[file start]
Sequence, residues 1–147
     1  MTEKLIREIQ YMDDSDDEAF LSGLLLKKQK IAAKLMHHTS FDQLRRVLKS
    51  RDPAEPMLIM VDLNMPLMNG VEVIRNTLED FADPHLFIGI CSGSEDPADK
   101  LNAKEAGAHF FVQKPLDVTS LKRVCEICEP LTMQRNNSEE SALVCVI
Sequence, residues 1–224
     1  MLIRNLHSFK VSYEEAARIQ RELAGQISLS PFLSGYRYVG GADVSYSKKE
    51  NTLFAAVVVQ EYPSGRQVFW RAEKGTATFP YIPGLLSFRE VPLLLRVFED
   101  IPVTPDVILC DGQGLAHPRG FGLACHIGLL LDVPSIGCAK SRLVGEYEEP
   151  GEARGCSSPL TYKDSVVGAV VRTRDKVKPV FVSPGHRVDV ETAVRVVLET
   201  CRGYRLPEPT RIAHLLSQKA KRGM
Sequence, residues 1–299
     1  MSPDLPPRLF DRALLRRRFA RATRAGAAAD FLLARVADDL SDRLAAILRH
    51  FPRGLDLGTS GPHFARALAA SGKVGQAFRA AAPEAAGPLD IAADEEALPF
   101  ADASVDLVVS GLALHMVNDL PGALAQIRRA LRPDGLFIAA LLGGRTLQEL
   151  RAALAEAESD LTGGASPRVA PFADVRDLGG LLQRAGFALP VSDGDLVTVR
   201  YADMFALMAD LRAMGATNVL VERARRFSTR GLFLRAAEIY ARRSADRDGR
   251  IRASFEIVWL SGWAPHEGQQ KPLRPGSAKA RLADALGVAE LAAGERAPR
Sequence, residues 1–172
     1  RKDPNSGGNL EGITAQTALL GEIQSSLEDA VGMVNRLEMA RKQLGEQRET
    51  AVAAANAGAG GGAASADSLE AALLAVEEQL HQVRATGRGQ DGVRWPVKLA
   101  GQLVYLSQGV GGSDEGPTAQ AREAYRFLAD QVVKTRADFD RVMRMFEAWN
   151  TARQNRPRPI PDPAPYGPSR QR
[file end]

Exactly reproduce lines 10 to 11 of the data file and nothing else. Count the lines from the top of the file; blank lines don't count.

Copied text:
   201  CRGYRLPEPT RIAHLLSQKA KRGM
Sequence, residues 1–299